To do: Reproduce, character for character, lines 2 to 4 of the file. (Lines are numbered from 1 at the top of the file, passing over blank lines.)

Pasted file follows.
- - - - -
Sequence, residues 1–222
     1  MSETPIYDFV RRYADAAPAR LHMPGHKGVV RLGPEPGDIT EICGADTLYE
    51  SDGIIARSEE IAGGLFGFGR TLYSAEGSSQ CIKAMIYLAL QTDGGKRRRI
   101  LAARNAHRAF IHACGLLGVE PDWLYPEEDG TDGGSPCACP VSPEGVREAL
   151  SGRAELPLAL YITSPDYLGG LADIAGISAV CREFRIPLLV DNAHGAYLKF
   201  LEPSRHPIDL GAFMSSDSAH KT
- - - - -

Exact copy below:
     1  MSETPIYDFV RRYADAAPAR LHMPGHKGVV RLGPEPGDIT EICGADTLYE
    51  SDGIIARSEE IAGGLFGFGR TLYSAEGSSQ CIKAMIYLAL QTDGGKRRRI
   101  LAARNAHRAF IHACGLLGVE PDWLYPEEDG TDGGSPCACP VSPEGVREAL